December marks the 12-month anniversary of Uber’s expansion to Bundaberg and the Fraser Coast.
Prior to this, Uber was something of a novelty that locals only stumbled across during their visit to the ‘city’.
Uber is a flagship ride-sharing company that has been breaking records all around the world in recent years.
This technology company has focused on disrupting the traditional taxi market by using private drivers and their smart phone app-based technology to break into this market.
Whilst specific data on the Wide Bay wasn’t available, 2019 has been yet another growth year for the ride share company with around a 30% growth year on year.
Why has Uber become so successful?
When it comes to entering an established market as a challenger like Uber has done, it is all about removing friction and hitting price points.
This is something that Uber has done very well.
For the driver who no longer must purchase a taxi, get a specific license and/or work for an agency it is far easier to become a player in this game.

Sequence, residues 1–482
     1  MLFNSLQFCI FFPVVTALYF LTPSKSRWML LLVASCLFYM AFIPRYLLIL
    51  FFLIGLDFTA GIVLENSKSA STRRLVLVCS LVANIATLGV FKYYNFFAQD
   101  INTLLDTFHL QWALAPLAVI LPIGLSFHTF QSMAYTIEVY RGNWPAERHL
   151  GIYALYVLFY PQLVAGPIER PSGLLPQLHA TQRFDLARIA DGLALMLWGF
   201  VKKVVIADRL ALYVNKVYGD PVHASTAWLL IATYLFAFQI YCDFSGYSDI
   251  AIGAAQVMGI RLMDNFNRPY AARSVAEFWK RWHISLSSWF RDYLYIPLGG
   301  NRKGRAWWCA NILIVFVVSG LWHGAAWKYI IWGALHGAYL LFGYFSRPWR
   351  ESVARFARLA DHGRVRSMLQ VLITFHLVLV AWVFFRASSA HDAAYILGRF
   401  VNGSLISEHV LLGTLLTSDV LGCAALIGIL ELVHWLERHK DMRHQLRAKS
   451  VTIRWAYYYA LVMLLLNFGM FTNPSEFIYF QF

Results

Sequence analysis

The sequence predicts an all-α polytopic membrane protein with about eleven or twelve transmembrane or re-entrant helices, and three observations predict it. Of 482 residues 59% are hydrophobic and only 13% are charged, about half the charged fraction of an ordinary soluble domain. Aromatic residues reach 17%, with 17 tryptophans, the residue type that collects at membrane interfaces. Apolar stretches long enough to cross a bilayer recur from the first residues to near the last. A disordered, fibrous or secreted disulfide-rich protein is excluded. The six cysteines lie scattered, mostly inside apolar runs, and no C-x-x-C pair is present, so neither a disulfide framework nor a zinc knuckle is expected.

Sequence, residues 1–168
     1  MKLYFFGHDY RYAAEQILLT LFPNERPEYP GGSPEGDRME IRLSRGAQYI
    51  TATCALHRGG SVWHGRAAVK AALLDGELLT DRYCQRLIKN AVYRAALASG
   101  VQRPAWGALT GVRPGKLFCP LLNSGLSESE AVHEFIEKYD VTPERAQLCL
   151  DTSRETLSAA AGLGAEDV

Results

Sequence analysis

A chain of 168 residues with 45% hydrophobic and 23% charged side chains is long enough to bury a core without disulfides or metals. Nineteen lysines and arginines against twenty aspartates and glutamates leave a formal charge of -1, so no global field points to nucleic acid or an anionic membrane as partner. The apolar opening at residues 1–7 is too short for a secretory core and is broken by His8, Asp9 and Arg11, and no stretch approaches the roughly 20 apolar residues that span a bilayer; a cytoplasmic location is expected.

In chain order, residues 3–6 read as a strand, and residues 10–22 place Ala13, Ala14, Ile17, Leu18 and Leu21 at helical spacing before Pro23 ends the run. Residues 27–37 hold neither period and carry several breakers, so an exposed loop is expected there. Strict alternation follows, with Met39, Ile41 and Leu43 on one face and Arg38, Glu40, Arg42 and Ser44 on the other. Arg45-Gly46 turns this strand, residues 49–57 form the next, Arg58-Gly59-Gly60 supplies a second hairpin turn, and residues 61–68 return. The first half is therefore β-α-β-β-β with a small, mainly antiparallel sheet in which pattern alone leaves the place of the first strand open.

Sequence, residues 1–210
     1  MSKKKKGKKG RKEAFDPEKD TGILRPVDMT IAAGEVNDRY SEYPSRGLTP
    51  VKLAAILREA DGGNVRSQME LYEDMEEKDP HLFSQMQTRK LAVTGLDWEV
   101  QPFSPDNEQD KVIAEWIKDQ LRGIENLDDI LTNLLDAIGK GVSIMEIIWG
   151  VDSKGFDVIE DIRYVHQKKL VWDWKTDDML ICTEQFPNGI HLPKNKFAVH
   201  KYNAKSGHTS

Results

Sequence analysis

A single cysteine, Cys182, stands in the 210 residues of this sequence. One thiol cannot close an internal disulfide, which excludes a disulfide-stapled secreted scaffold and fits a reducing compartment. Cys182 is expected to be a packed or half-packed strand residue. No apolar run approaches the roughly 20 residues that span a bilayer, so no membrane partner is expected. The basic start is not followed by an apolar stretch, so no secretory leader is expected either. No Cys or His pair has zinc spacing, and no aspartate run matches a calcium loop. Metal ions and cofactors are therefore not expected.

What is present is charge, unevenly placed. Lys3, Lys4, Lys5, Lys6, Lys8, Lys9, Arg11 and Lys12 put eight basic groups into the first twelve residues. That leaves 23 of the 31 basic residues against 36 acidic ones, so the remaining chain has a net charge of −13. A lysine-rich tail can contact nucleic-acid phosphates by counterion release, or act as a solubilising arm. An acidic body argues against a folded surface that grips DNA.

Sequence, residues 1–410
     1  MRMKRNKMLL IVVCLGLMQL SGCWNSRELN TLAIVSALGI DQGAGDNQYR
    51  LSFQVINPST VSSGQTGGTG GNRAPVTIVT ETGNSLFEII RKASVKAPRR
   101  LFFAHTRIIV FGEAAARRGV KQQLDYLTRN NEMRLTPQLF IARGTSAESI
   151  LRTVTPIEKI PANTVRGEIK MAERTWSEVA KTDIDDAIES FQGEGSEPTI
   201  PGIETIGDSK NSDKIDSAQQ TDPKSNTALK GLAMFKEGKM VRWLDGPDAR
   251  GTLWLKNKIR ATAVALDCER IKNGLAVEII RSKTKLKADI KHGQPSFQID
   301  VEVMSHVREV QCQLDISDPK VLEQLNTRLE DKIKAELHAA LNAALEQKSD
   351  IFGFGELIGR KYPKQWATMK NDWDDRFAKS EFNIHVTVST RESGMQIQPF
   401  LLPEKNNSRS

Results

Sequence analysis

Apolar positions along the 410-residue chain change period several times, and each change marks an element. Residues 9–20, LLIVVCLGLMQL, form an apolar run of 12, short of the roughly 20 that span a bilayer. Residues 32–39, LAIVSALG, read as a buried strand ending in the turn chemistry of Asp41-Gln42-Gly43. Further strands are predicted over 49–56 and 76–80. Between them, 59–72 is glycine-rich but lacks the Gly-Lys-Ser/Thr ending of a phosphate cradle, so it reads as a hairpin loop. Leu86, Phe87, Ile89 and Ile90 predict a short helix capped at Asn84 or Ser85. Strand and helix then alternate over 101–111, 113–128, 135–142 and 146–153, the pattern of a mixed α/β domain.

For the consumer, the ability to be able to order a driver at the touch of a button is a game changer.
With the payment technologies linked straight to your smartphone, no money even physically changes hands.
It is also generally a cheaper option than traditional cabs, which is appealing for many.
Concerns have been raised about the impacts that removing barriers of entry (such as licensed taxi drivers) from the market can have.
These worries have been actively addressed by the likes of Uber.
It is a common misconception that these “technology” companies aren’t as actively engaged in supporting their stakeholders as traditional businesses.
When a market challenger creates a business model that removes friction for its uses and removes barriers of entry for the supplier of the service, it is likely going to make a big splash.
While Uber is still relatively small in regional areas, this company and others like it will continue to adapt and evolve to win.
- Other news: Female ride-share service starts in Bundaberg